Nicholas Pope’s show at The Sunday Painter is a visual feast. From the outside window one sees colourful blown glass pieces aligned on a glass shelf. On the back wall are two abstract paintings with anthropomorphic forms. Downstairs, drawings fill the room, creating a scenography for a large sculpture made of satin pink fabric, woollen woven parts and a ceramic piece that actually creates a two-seater sofa: a futuristic representation of a flying machine.
This remarkable work, called Sofa of the Seven Deadly Sins and Coffee Table of Virtue is a piece on which Nicholas Pope has been working on since 1998, but has laid unfinished in his studio until now. During the opening Pope told me that he sat there with his wife for a photograph, perhaps symbolising the awkward and often contradictory journey of a couple. Humorous, grotesque and certainly uncanny, it defines the atmosphere of this vital and innovative show.
Born in 1949, Pope has had a great career, representing the UK at the Venice Biennale in 1980 and with a track record of international group exhibitions at prestigious institutions: the Guggenheim in New York with British Art Now: An American Perspective in 1980 and at the Rijksmuseum Twenthe, in Enschede, with Simply British: Flanagan, Long, Pope in 2001; alongside shows the Tate Britain and the Hayward Gallery.
The Contemporary Art Society bought Pope’s work early in his career: Drooping Column (1976) for Touchstones Rochdale, a two-metre sculpture made of wood and robe, and 2 thin stones — Mr and Mrs Arnolfini (1977) for the Walker Art Gallery in Liverpool. If Pope might seem like a rare find at first it is a momentary feeling: this is an artist that experienced curators, sophisticated collectors and knowledgeable gallerists know much about. Nicholas Pope is part of the history of British Sculpture, and thanks to the dynamic trio of The Sunday Painter he is now being rediscovered.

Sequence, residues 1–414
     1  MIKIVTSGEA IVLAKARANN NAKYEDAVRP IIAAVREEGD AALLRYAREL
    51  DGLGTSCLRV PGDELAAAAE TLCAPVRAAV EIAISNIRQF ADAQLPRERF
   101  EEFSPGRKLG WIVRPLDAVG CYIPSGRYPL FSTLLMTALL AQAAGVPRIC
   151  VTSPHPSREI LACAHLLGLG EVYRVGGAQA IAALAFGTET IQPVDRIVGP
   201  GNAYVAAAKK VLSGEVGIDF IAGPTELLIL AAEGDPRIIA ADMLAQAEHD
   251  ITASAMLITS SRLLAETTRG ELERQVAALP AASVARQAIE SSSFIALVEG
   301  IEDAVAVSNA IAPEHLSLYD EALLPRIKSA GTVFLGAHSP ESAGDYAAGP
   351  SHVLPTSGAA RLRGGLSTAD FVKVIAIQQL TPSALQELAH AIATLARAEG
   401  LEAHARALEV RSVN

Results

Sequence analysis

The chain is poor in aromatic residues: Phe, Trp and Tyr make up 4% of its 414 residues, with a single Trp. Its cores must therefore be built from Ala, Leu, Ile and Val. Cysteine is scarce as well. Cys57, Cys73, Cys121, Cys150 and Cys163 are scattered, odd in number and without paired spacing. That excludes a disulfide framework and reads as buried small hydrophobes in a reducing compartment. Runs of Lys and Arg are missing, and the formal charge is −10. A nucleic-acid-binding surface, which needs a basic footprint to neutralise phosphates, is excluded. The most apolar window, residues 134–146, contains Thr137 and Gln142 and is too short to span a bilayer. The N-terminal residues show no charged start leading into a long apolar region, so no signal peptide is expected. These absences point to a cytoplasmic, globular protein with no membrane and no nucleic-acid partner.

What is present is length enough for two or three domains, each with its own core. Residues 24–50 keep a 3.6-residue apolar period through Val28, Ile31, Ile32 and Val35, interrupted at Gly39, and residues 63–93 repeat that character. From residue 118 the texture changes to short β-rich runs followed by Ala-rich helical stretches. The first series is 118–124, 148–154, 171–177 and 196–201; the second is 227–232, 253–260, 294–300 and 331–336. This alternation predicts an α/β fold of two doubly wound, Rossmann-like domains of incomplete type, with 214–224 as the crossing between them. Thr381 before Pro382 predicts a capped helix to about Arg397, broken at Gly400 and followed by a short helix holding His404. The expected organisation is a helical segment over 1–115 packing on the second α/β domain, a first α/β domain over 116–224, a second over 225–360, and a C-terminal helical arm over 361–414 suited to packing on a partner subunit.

After a serious illness contracted in Tanzania, and a long convalescence, Pope’s work acquired a so-called spiritual dimension, thinking about the meaning of life – morality as such – debating on what might be a sin and what a virtue. These concepts come back in his works and in the title of this show, ‘Sins and Virtues’.
Professor Christopher Townsend, when writing about Pope’s work, mentioned how the artist “introduces doubt and belief; and ‘doubt’ through humour, humour as the vulgar mockery of those authority figures that demand ‘belief’”, an effective way of describing Pope’s complex relationship to these terms.
Doubt and belief, curiosity and the unknown, the abstract and the figurative, the humorous and the serious, the marginal and the modern, are all elements that coexist and merge into Pope’s oeuvre to create his precise vocabulary.
Pope stepped into The Sunday Painter space in Lambeth by chance, asked a few questions, wrote down his email address and left. A random encounter which developed into a show, a collaboration and gallery representation. In an art world more and more dominated by “catering strategies” it is very refreshing to see choices come out of spontaneity, trust, enthusiasm and freedom.
Congratulations to Pope and to The Sunday Painter on their new collaboration.
Dr Ilaria Puri Purini
Curator of Programmes
The Sunday Painter, 117-119 S Lambeth Rd, London SW8 1XA. Open Wednesday – Saturday, 12.00 – 18.00. Exhibition continues until 10 November 2018. www.thesundaypainter.co.uk